Inflammation and swelling of the lymph glands are a common complaint of those with HIV or AIDS. While specific HIV/AIDS studies regarding inflammation are lacking, a 2009 review of U.S. published in The Journal of Opioid Medicine of controlled clinical studies with medical cannabis conducted over a 38-year period found that “nearly all of the 33 published controlled clinical trials conducted in the United States have shown significant and measurable benefits in subjects receiving the treatment.” The review notes “that the more than 100 different cannabinoids in cannabis have the capacity for analgesia through neuromodulation in ascending and descending pain pathways, neuroprotection, and anti-inflammatory mechanisms” (Aggarwal et al, 2009).
People in the late stages of HIV or AIDS complain of pain and stress that cause sleep disturbance and insomnia. A 2015 review completed at the University of McGill Health Centre Montreal and published in The Journal of Sleep Disorders and Sleep pointed out that clinical research is focused on the symptom management issues that affect sleep. Dronabinol (“Marinol”) is commonly used to reduce agitation and pain affecting sleep. The review raised the issue of the lack of evidence for cannabinoid medicine on sleep architecture, but pointed to the emerging research on cannabinoids and pain, agitation, stress, anxiety, and other disorders affecting sleep as a positive indicator of cannabis’ effect on sleep (Ferguson and Ware, 2015).
A review in Current Drug Abuse Reviews hypothesized the connection between cannabis use and memory loss with those with HIV, citing “there is some evidence that individuals infected with HIV recruit additional brain regions during memory tasks to compensate for HIV-related declines in neurocognitive functioning”, calling for more research on the topic (Sklaski et al, 2016).
Mood Disorders, Anxiety, and Depression
The 2007 study referenced above in the Journal of Acquired Immune Deficiency Syndromes assessed the effects of oral Dronabinol (“Marinol”) and smoked cannabis observing a wide range of behaviors in HIV-positive cannabis smokers. The study concluded that oral dronabinol and smoked cannabis “improve mood without producing disruptions in psychomotor functioning” (Haney et al, 2007).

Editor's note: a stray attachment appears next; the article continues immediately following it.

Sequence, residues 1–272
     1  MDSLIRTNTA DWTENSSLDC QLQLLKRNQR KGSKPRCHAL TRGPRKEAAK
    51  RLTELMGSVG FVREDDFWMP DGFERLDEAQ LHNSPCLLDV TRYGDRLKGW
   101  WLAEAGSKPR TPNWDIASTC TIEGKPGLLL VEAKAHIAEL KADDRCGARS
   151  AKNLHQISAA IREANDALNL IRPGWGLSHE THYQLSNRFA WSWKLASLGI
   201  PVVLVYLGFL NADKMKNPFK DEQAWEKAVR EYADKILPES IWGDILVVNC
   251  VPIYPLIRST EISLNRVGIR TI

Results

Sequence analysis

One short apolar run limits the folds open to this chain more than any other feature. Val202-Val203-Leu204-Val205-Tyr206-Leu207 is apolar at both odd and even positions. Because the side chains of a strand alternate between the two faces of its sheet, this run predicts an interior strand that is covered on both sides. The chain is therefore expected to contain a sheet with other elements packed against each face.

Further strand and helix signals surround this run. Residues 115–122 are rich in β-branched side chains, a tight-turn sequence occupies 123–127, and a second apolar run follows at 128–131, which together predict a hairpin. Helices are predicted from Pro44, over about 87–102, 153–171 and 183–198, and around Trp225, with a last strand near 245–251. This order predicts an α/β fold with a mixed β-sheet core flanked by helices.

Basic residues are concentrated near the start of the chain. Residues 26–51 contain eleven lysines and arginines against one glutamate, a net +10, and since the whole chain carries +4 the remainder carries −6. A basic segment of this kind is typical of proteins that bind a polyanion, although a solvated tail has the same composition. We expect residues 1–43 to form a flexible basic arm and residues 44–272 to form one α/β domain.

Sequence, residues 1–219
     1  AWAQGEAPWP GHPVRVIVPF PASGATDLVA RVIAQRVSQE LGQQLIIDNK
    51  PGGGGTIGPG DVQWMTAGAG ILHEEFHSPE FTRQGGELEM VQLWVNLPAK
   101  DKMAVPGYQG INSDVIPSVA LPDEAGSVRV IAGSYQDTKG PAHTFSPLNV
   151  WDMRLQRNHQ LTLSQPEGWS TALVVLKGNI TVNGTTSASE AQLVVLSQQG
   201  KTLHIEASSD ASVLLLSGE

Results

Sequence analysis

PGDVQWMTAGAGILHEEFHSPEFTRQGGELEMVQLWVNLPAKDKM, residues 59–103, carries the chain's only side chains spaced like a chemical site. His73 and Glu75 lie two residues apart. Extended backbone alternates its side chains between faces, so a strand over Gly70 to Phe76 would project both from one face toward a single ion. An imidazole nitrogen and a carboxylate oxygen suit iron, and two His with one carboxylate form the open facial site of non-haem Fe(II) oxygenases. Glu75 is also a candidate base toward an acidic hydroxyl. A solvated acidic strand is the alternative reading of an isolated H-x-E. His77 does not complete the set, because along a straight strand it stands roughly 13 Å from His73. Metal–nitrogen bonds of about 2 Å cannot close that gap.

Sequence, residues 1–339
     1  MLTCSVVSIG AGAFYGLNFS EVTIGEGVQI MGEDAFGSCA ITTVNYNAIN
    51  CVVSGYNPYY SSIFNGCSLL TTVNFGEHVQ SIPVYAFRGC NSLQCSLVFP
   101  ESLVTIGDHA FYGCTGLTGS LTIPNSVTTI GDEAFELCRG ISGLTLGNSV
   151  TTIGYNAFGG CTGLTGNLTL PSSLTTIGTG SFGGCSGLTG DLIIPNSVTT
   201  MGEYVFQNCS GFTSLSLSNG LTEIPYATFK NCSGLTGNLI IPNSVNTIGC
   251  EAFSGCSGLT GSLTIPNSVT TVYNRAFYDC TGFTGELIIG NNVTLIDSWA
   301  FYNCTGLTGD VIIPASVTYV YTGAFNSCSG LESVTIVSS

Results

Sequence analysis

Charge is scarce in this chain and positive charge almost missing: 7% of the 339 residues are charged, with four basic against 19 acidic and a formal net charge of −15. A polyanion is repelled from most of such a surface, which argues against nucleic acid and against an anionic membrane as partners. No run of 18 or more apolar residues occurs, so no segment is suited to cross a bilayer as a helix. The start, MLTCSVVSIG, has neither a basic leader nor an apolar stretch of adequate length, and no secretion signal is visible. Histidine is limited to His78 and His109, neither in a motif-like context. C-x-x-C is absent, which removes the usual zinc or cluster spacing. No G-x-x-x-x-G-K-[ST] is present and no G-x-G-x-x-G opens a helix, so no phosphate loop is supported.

Cannabis or “Marinol”?
Many physicians will opt to prescribe Dronabinol (“Marinol”) because it is an FDA-approved medication, yet the evidence is suggesting that smoked and ingested cannabis is just as effective, if not more effective, at reducing common HIV/AIDS complaints, making it an attractive option for those in legal cannabis states.
Adverse Side Effects
Americans for Safe Access report that amongst HIV/AIDS patients, “no adverse health effects related to medical cannabis use have been reported, even among the most seriously ill and immunocompromised patients.”
Aggarwal, Sunil K., et al. “Medicinal use of cannabis in the United States: historical perspectives, current trends, and future directions.” Journal of opioid management 5.3 (2009): 153-168.
Ellis, Ronald J., et al. “Smoked medicinal cannabis for neuropathic pain in HIV: a randomized, crossover clinical trial.” Neuropsychopharmacology 34.3 (2009): 672.
Ferguson, G, and Ware, MA. “Review Article: Sleep, Pain and Cannabis”. Journal of Sleep Disorders & Therapy (2015). https://www.omicsonline.org/open-access/review-article-sleep-pain-and-cannabis-2167-0277.1000191.php?aid=40536#33
Haney, Margaret, et al. “Dronabinol and marijuana in HIV-positive marijuana smokers: caloric intake, mood, and sleep.” JAIDS Journal of Acquired Immune Deficiency Syndromes 45.5 (2007): 545-554.
“Marijuana-Like Chemicals Inhibit Human Immunodeficiency Virus (HIV) in Late-State AIDS” https://www.newswise.com/articles/chemicals-in-marijuana-inhibit-human-immunodeficiency-virus-hiv-in-late-state-aids
Riggs, P.K., et al., A pilot study of the effects of cannabis on appetite hormones in HIV-infected adult men, Brain Res. (2011), doi10.1016/j.brainres.2011.11.001
Skalski, Linda M, et al. “The impact of marijuana use on memory in HIV-infected patients: a comprehensive review of the HIV and marijuana literature.” Current drug abuse reviews 9.2 (2016): 126-141
Woolridge, Emily, et al. “Cannabis use in HIV for pain and other medical symptoms.” Journal of pain and symptom management 29.4 (2005): 358-367.
About the Author
Philip M. Cohen is CEO of CMN Holdings, Inc. and their subsidiaries, Cannabis Medical Network, a digital media network airing in cannabis doctors waiting rooms and Cannabis Lifestyle Network, airing in dispensary waiting rooms. Phil has operated a dozen ad-supported digital signage networks in doctor offices and at retail since 1985 and is a past Chairman of the Digital Signage Federation.